Amber Talks The Importance of incorporating fat in your diet


For years we have been told that fat was the number one contributor to bad health and that fat in our diets should be excluded…

The advice came on the back of some shoddy science interpreted back in the 1970’s, and although the science has been discredited our shelves are still full of ‘low fat’ products.

Think about it, for the past 30 years we were advised to lower our fat intake… AND we did. In these same 30 years we managed to increase our obesity and diabetes rates dramatically.

You see when we remove fat from the diet we automatically replace it with something… and just like the food companies discovered the easiest something to replace it with is sugar.

As humans we are programmed to eat whole food, including fats. Simply replacing the fat with sugars will lead to the feelings of hunger (not to mention the issues consuming excess sugar causes!!) Eating fat actually works to fill you up, sending messages to your brain that you have in fact had enough. You will find you need a lot less fat to feel full than protein or sugar.

Despite what we have been told in the past eating fat does NOT lead to heart disease, eating fat is in-fact essential for good health. As well as keeping you full, fat is responsible for cellular health, hormone production and maintaining mental health.

Adjusting to fats in the diet can be difficult, especially if you have eaten a low fat diet for years. Making small changes to your intake will result in big changes to your health, especially in the long term.

To begin including more fat in your diet try the following tips:

1 - Start slowly! Especially when you are introducing oils! If you are not used to processing fats your digestive system will need to be eased into the transition (You don’t want to be running to the bath room urgently!)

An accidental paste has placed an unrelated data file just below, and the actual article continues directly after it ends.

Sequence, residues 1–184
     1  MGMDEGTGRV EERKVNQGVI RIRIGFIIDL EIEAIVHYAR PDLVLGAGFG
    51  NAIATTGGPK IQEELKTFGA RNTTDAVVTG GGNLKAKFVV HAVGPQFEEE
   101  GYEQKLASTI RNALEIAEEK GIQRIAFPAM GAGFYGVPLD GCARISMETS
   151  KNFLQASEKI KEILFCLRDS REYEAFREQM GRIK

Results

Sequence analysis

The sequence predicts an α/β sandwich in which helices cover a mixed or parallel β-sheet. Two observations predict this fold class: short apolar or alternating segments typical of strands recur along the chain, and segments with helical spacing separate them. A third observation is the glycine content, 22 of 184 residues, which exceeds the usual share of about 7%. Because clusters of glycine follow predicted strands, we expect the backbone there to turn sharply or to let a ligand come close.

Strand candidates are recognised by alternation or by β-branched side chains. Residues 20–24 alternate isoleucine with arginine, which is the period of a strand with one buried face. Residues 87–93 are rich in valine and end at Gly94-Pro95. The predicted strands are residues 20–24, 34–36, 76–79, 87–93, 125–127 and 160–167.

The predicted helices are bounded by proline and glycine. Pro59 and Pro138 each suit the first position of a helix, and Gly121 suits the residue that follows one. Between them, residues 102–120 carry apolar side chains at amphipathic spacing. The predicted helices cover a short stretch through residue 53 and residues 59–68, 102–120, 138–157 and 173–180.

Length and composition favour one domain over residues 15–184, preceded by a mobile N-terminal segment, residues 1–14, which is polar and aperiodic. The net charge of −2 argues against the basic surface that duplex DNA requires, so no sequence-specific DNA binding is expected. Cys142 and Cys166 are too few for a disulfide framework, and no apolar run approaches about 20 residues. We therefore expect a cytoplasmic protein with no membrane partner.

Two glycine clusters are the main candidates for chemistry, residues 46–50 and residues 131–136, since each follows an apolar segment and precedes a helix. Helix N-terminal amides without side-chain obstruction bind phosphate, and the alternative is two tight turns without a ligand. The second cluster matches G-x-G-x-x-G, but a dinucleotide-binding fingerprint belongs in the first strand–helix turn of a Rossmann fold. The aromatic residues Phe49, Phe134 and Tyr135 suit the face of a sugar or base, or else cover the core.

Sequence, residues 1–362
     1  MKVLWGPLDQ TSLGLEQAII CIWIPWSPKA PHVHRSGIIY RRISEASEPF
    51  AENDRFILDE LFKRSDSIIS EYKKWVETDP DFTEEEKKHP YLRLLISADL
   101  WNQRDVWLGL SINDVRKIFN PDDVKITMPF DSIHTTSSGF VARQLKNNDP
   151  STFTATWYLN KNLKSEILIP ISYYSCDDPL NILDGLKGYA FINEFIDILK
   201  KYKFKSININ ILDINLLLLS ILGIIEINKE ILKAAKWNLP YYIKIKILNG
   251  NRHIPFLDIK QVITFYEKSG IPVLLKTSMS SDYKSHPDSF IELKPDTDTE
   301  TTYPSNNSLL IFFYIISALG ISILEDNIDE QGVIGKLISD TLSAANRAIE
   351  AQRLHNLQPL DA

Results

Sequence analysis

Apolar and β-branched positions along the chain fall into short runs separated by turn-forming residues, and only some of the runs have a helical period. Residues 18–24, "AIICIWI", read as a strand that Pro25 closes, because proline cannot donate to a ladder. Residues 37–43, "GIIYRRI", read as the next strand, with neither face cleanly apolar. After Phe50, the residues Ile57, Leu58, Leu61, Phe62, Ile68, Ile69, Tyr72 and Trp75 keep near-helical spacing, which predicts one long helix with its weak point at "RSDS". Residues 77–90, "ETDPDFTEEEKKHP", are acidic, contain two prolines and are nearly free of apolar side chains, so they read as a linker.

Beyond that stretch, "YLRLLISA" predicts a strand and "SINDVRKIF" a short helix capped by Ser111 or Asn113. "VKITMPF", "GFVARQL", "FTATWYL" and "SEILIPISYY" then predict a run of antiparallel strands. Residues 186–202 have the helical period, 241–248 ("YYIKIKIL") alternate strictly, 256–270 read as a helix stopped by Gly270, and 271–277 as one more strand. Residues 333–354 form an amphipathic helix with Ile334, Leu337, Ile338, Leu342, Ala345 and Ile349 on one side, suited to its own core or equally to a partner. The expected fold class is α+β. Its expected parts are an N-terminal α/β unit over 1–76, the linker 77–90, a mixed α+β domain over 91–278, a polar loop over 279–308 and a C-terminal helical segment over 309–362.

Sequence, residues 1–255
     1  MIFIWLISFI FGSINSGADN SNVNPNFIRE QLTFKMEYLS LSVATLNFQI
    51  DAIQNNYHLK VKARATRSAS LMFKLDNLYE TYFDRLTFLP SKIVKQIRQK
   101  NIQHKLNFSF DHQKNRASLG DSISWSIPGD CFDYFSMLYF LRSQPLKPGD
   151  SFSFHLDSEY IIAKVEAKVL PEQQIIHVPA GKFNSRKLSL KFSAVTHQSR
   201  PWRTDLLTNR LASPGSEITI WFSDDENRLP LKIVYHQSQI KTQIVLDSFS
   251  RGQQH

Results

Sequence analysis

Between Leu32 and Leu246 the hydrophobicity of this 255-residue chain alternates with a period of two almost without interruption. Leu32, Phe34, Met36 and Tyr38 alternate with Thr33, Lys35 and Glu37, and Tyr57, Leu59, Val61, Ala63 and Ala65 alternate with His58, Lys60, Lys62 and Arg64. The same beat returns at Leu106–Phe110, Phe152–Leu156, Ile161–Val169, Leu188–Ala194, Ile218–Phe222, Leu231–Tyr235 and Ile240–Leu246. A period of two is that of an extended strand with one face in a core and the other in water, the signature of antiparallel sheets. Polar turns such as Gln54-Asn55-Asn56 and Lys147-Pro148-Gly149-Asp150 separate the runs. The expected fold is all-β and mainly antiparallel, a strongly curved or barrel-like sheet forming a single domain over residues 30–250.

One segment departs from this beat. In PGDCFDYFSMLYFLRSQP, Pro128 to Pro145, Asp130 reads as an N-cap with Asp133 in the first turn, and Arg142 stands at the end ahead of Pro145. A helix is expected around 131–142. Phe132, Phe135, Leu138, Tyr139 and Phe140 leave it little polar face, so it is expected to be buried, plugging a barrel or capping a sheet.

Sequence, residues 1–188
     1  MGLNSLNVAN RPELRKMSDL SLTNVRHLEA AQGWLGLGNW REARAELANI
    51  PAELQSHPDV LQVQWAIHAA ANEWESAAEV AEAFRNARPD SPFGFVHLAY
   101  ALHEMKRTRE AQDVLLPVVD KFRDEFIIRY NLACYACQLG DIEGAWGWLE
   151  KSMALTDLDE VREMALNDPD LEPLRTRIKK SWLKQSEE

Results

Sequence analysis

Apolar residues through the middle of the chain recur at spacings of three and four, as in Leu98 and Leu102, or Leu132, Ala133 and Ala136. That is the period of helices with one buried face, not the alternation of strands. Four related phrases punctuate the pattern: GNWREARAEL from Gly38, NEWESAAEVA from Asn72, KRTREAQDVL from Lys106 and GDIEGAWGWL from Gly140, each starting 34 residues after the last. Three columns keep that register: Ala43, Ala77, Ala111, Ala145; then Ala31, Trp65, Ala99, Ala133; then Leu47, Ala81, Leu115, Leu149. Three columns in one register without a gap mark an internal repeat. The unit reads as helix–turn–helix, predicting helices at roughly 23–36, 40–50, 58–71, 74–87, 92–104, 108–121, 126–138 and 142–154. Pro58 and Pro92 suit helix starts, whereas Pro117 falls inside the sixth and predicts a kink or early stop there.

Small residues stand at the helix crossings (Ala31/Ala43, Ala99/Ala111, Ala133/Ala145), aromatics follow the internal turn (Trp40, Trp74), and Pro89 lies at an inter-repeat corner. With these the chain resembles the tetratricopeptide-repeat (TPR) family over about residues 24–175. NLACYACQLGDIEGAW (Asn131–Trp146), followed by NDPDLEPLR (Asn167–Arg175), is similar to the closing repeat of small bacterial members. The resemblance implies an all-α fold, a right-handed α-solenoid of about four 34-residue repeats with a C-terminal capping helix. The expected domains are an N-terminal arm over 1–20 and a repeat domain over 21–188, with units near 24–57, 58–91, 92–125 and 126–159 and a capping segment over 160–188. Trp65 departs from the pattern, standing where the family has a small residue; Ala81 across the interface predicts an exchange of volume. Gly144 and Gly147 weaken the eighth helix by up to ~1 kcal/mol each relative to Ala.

2 - If you eat meat think of eating the whole animal including the skin, a concept we call ‘nose to tail’ – This has the added benefit of ensuring nothing goes to waste. (Ensuring your animal products are ethically sourced is also very important to me)
3 - Look at cooking in fat, coconut oil and ghee are my preferred options as they have a high smoke point (meaning they don’t become unstable at high heat like olive oil can). I also use butter for vegetables such as asparagus and broccoli.
4 - Use oils such as avocado oil, macadamia oil and olive oil for dressings, try adding things like vinegar, herbs and lemon for taste and variety.
5 - If you are Vegan consider increasing your consumption of avocado’s and coconut products, unsweetened coconut yogurt is a favourite ‘go to’ of mine. When it comes to nuts, macadamias, pecans and walnuts are all great choices. Seeds such as flaxseed & pumpkin seeds can also be added to salads for crunch and flavor.
6 - If you’re going to have dairy choose the full fat version, I don’t consume milk, but I will use heavy cream and full fat cream.
7 - Avoid trans fat! Commonly found in margarine, processed food and fast food trans fats are chemically made and are associated with many ailments. This is the one fat I strongly recommend people avoid altogether.

Eating a diet based on leafy green vegetables with the inclusion of whole foods (including the fat!) is the best medicine we have. Look at your food as fuel and you will reap the rewards with a happier and healthier body.

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